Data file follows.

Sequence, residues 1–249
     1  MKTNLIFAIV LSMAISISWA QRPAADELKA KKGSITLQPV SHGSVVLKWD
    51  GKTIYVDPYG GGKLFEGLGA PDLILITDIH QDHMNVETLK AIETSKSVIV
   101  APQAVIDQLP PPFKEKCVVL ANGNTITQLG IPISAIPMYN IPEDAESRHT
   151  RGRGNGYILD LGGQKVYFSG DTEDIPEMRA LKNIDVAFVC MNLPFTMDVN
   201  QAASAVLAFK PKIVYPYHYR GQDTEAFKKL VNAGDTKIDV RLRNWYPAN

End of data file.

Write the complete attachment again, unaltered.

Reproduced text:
Sequence, residues 1–249
     1  MKTNLIFAIV LSMAISISWA QRPAADELKA KKGSITLQPV SHGSVVLKWD
    51  GKTIYVDPYG GGKLFEGLGA PDLILITDIH QDHMNVETLK AIETSKSVIV
   101  APQAVIDQLP PPFKEKCVVL ANGNTITQLG IPISAIPMYN IPEDAESRHT
   151  RGRGNGYILD LGGQKVYFSG DTEDIPEMRA LKNIDVAFVC MNLPFTMDVN
   201  QAASAVLAFK PKIVYPYHYR GQDTEAFKKL VNAGDTKIDV RLRNWYPAN